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RALEIGH — Cases of COVID-19 continue to spread through North Carolina, causing several towns to take more precautions, including closing more businesses.
As of Monday morning, Wake County has 52 confirmed cases of COVID-19, more than double the count on Thursday.
Five people have recovered from the illness, and 54 more are under investigation for possible infection, health officials said.
Wake County actively monitors people who may have been exposed to the virus through close contact, which is defined as being within 6 feet of someone for at least 10 minutes.
Four people have tested presumptively positive in Franklin County.
The latest official tally by the N.C. Department of Health and Human Services showed 297 positive cases of COVID-19 in the state as of Monday morning. More than 8,400 tests have been completed in the state, and no deaths have been reported.
Nationally, more than 15,000 people are infected and more than 200 have died.
On Monday, Gov. Roy Cooper closed K-12 public schools until May 15 for in-person instruction.
State and local education leaders helped Cooper make the decision by looking at recommendations from the Centers for Disease Control and Prevention, the governor said.
Cooper said the length of school closures may change.
Schools have been shut since March 15. A two-month closure cannot be treated as a long break, state Superintendent Mark Johnson said. While students do not have to learn complicated information on their own, he recommends parents work with teachers to create a schedule that prioritizes remote learning.
“To our parents, keep your kids engaged,” Johnson said. “Work on remote learning, reading and writing a few hours each day. Get fresh air. Go to bed at a reasonable time.
“Set a schedule and stick to it.”
Cooper said he did not want to give up on this school year and hopes students will be able to return.
The state Board of Education also asked the General Assembly to waive testing requirements for schools on Monday. The federal Department of Education waived those testing requirements across the nation on Friday, which gave states the power to waive end-of-course and end-of-grade testing.
More guidance for employees is forthcoming, the board said Monday.
Wake County has put new restrictions in place to help stop the spread of COVID-19 while protecting the local healthcare system.
On Sunday, Wake County amended its state of emergency declaration to require some businesses to close, to prohibit gatherings of 50 people or more, to change visitation practices at nursing home and to restrict the use of playground equipment at local parks.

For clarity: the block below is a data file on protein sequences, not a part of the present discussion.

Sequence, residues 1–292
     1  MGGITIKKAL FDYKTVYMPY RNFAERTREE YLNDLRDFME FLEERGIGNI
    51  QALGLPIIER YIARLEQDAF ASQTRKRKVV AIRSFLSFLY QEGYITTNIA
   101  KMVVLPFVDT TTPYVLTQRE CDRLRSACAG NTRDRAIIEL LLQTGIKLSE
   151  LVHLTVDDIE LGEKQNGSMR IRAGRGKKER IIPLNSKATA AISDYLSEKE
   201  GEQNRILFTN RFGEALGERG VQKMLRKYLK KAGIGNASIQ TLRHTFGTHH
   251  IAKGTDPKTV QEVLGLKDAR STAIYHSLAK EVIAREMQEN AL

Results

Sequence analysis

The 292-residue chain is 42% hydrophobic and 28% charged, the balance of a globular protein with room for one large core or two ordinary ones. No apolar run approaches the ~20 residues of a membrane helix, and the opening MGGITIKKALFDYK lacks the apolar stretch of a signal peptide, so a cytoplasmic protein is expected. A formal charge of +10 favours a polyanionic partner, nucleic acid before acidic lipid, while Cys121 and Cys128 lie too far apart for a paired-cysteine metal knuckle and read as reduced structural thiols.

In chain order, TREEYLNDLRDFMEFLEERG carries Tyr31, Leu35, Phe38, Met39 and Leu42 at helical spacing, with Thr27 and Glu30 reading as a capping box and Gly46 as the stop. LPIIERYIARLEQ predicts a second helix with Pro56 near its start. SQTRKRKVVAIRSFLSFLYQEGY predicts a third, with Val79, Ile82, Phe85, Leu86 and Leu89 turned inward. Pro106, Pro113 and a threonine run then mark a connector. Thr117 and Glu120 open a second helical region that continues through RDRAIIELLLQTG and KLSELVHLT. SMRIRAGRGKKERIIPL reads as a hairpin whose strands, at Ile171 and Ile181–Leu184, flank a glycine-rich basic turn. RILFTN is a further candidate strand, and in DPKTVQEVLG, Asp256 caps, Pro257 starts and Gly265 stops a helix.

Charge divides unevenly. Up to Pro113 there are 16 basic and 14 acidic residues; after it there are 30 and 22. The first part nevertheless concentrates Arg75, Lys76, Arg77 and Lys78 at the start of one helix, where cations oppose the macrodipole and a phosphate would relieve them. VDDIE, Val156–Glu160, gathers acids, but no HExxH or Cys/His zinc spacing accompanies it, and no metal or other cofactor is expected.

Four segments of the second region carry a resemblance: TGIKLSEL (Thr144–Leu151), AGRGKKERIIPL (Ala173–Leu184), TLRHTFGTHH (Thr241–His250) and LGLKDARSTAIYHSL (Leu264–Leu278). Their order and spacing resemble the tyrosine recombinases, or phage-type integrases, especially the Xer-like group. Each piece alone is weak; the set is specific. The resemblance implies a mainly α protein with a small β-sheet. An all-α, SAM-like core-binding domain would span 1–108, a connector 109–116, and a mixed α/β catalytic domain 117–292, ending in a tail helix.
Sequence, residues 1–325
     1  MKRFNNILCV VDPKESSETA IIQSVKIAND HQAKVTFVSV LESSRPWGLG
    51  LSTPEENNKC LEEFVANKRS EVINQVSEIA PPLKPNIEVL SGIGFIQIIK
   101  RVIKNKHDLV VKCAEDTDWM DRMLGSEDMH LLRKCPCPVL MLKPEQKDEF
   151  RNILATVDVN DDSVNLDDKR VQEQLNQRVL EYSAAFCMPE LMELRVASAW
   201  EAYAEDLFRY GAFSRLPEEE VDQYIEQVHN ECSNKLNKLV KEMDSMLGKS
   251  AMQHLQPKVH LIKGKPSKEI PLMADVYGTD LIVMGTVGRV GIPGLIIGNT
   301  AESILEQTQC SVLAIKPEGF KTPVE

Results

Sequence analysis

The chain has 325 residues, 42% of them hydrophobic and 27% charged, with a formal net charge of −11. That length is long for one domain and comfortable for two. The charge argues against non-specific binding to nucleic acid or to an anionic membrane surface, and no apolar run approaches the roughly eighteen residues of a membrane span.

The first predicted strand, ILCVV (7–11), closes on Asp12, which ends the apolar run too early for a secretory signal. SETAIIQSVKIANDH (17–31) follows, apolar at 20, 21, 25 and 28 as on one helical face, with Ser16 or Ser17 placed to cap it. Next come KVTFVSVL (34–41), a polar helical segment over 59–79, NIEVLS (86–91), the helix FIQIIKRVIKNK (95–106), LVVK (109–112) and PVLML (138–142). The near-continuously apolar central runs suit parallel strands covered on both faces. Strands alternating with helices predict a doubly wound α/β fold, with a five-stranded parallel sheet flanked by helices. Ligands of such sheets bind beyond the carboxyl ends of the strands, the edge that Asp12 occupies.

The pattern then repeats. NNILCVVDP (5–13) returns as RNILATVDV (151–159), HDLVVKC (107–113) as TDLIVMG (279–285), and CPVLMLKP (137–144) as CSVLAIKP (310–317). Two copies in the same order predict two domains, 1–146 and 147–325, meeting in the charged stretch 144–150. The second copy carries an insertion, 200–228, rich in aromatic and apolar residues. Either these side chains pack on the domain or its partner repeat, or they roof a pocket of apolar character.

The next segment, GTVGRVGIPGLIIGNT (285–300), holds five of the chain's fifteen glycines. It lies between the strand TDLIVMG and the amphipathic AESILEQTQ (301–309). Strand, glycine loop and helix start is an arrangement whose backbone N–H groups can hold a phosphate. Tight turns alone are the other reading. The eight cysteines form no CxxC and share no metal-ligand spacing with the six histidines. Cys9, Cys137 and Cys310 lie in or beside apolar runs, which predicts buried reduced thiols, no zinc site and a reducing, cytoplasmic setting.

"We know these are challenging times, and we appreciate the sacrifices people are making for the benefit of our community's health,” said Chairman Greg Ford of the Wake County Board of Commissioners. “By putting these new restrictions and recommendations into effect, we're slowing the spread of the virus, protecting our residents who are most at-risk and ensuring our healthcare system has the capacity to continue serving our community."
The declaration required the following business types to close by 8 a.m. Monday and remain closed through April 30:
Any businesses that are not listed above can remain open if they don’t serve more than 50 people at a time and ensure a 6-foot distance between patrons and employees. Businesses should also screen employees and customers for fever and respiratory illness before they enter the facility, Wake County said.
Movie theatres across the state are also closing by Wednesday at 5 p.m.
Grocery stores and restaurants providing takeout and delivery will remain open, Cooper said. He asked citizens to buy only what they need to make sure resources are available for all.
Playground equipment and bathrooms at Wake County parks and open spaces are closed through April 30. Parks and preserves remain open, but visitors are asked to practice social distancing.
In Wake Forest, all park playgrounds, restrooms, athletic fields, picnic shelters and athletic courts are closed until further notice. Public bathrooms at these places are also closed. The same is true in other towns and cities, including Raleigh and Zebulon.
Parks and greenways remain open to the public. Wake Forest asks users who are exhibiting symptoms of illness to stay home. Healthy people are asked to observe social distancing of at least 6 feet and warn other users of their presence as they pass.
The county permit counter, the maps counter and the tax administration office are open to the public on Tuesdays and Thursdays from 10 a.m. to 2 p.m.
All county regional centers, including the northern and eastern regional centers, are closed to the public.
The Veteran Services office is open to the public on Tuesdays and Thursdays from 10 a.m. to 2 p.m. at the Falstaff location only. The office recommends scheduling an appointment in advance.
Wake County’s public health team encourages people to protect themselves by following these simple steps:
In Wake County, email questions to email@example.com or call 919-856-7044.
Visit http://wakegov.com/covid19 for frequently asked questions and resources in English and Spanish.
There is a listing of local food and beverage establishments providing takeout and delivery service on the town of Wake Forest’s website.
N.C. 2-1-1 is a free service that refers callers to the organizations in their local community to address specific health and human services needs. Dial 211 on a mobile phone or call 1-888-892-1162.